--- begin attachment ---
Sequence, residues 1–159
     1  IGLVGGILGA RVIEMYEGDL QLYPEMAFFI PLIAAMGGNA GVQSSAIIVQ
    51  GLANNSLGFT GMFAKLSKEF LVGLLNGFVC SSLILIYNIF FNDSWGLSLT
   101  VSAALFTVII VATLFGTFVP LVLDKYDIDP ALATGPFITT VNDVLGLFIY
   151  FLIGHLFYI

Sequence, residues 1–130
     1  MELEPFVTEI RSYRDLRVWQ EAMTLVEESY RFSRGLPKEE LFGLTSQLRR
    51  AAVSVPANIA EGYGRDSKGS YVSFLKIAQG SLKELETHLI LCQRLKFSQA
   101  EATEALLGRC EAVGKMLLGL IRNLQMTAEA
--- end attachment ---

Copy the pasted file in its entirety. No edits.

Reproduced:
Sequence, residues 1–159
     1  IGLVGGILGA RVIEMYEGDL QLYPEMAFFI PLIAAMGGNA GVQSSAIIVQ
    51  GLANNSLGFT GMFAKLSKEF LVGLLNGFVC SSLILIYNIF FNDSWGLSLT
   101  VSAALFTVII VATLFGTFVP LVLDKYDIDP ALATGPFITT VNDVLGLFIY
   151  FLIGHLFYI

Sequence, residues 1–130
     1  MELEPFVTEI RSYRDLRVWQ EAMTLVEESY RFSRGLPKEE LFGLTSQLRR
    51  AAVSVPANIA EGYGRDSKGS YVSFLKIAQG SLKELETHLI LCQRLKFSQA
   101  EATEALLGRC EAVGKMLLGL IRNLQMTAEA